The Merry Widow (1952)

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The Merry Widow (1952) Poster

Operating under royal orders, a count must woo a young and wealthy widow in order to save a kingdom from bankruptcy.



  • Lana Turner in The Merry Widow (1952)
  • Lana Turner in The Merry Widow (1952)
  • Lana Turner in The Merry Widow (1952)
  • Fernando Lamas in The Merry Widow (1952)
  • Lana Turner and Fernando Lamas in The Merry Widow (1952)
  • Lana Turner and Fernando Lamas in The Merry Widow (1952)

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27 February 2010 | Michael_Elliott
MGM's Third Version
Merry Widow, The (1952)

** (out of 4)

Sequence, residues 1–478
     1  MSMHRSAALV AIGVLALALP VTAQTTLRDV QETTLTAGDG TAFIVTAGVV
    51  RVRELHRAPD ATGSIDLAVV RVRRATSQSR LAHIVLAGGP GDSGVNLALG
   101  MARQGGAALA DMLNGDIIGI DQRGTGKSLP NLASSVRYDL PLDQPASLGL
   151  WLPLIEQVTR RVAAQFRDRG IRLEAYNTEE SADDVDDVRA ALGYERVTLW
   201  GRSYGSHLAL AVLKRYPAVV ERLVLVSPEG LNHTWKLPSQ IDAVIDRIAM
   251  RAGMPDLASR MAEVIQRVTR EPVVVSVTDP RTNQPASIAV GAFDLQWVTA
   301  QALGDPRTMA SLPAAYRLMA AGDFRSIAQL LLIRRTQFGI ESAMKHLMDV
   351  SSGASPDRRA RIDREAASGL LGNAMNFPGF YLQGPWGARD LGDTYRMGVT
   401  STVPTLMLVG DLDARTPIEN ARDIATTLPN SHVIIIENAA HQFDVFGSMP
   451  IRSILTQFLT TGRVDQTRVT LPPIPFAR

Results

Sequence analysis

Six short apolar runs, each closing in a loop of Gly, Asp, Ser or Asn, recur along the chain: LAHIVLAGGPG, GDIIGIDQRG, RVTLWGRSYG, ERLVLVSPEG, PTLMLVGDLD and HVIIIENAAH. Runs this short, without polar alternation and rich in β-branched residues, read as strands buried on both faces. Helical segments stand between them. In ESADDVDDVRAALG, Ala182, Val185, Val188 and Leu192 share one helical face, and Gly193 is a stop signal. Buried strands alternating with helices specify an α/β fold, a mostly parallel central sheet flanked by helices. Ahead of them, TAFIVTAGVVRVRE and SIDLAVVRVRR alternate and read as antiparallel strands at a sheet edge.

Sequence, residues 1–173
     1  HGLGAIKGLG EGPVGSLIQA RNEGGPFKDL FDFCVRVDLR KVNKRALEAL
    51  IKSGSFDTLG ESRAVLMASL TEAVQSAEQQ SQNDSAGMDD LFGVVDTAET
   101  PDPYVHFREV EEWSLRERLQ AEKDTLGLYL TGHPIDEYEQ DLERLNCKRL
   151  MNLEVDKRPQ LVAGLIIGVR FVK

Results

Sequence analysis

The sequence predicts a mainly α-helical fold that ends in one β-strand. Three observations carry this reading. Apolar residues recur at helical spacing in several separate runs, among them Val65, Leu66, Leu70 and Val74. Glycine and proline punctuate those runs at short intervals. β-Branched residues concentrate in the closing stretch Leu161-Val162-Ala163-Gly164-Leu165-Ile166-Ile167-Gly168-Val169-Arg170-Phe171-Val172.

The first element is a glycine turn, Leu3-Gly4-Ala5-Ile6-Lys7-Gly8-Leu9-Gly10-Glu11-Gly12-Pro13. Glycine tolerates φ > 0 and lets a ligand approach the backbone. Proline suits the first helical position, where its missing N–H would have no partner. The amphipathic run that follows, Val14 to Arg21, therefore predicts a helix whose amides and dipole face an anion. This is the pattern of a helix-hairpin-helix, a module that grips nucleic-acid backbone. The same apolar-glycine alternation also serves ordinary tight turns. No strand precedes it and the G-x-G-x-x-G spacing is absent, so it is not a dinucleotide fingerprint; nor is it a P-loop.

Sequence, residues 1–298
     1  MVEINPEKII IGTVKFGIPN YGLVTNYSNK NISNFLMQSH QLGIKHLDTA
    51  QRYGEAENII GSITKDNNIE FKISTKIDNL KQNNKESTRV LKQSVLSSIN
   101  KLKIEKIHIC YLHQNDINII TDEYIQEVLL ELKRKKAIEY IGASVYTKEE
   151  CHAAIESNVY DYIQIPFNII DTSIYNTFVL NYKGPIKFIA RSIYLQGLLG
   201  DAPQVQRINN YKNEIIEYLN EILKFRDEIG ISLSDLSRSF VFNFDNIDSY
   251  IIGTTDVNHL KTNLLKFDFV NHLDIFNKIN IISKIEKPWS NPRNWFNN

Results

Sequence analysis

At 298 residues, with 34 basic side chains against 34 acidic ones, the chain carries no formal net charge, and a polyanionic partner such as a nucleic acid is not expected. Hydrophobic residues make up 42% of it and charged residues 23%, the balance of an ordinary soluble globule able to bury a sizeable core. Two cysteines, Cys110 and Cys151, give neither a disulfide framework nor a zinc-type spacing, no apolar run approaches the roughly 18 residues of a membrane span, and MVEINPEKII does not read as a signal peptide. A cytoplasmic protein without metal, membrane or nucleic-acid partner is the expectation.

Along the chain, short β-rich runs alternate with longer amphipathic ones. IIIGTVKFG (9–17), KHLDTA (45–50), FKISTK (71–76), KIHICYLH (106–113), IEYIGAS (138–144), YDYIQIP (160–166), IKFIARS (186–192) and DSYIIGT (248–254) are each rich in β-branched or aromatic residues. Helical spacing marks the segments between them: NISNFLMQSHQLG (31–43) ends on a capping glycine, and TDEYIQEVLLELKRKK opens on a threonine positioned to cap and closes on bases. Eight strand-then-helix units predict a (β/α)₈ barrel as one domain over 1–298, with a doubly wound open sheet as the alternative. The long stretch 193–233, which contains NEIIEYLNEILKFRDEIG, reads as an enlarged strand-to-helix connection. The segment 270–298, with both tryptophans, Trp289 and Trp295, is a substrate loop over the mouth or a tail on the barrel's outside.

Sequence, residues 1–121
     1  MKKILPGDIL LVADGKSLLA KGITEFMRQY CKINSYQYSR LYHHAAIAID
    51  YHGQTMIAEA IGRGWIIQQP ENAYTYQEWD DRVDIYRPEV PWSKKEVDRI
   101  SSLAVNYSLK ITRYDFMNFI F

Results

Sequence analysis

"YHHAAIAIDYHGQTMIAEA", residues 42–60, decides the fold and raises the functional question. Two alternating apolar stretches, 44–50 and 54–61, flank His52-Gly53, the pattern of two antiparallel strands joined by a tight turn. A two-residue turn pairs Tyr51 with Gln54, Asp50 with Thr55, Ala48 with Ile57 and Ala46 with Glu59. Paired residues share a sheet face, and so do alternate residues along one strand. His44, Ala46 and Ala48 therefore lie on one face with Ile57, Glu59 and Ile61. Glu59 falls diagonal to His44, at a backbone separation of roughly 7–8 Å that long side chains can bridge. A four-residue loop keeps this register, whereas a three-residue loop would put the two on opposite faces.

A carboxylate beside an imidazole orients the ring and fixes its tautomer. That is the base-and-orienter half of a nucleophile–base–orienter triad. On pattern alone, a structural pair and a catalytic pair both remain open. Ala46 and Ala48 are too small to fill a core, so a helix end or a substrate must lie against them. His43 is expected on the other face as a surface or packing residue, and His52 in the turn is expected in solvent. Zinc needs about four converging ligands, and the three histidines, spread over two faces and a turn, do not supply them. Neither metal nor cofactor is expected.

MGM's third attempt at the famous operetta by Franz Lehar probably has the biggest budget but it's lacking quite a bit from the much better 1925 and 1934 versions. This time out a wealthy widow (Lana Turner) is brought to a small country where the government there hopes she will spend her time and money. They hire the good looking Count Danilo (Fernando Lamas) to try and win her over. There's quite a bit to admire in this film but in the end it really left me bored, unattached and rather disappointed. It's very clear from the opening shot that MGM gave director Bernhardt a pretty big budget as the Technicolor really jumps off the screen as does the art direction and set design. Everything visually is striking here as the color really adds an entire dimension to the film and it really helps put you in this era and time. The sets are also quite lavish as we get some really amazing looking ballrooms and other settings that almost make this film worth watching. The costumes are another major plus as it really does seem like it took weeks just to place the extras in order so that the colors of their costumes would just bleed together and be perfectly captured by the cameras. If you just want some great looking eye candy then this film is a must see but the rest of the movie left me wanting a lot more. For starters, I found both Turner and Lamas to be very bland and boring in their roles and I didn't feel a single spark between them. I know Turner was going through some major issues at this point of her life so perhaps this took something away from her but I didn't find anything she did here to be very entertaining. Lamas certainly had the right look for the role but I never really cared for anything he was saying or doing. Una Merkel, a member of the 1934 version, has a few good moments here but not enough to save the film.

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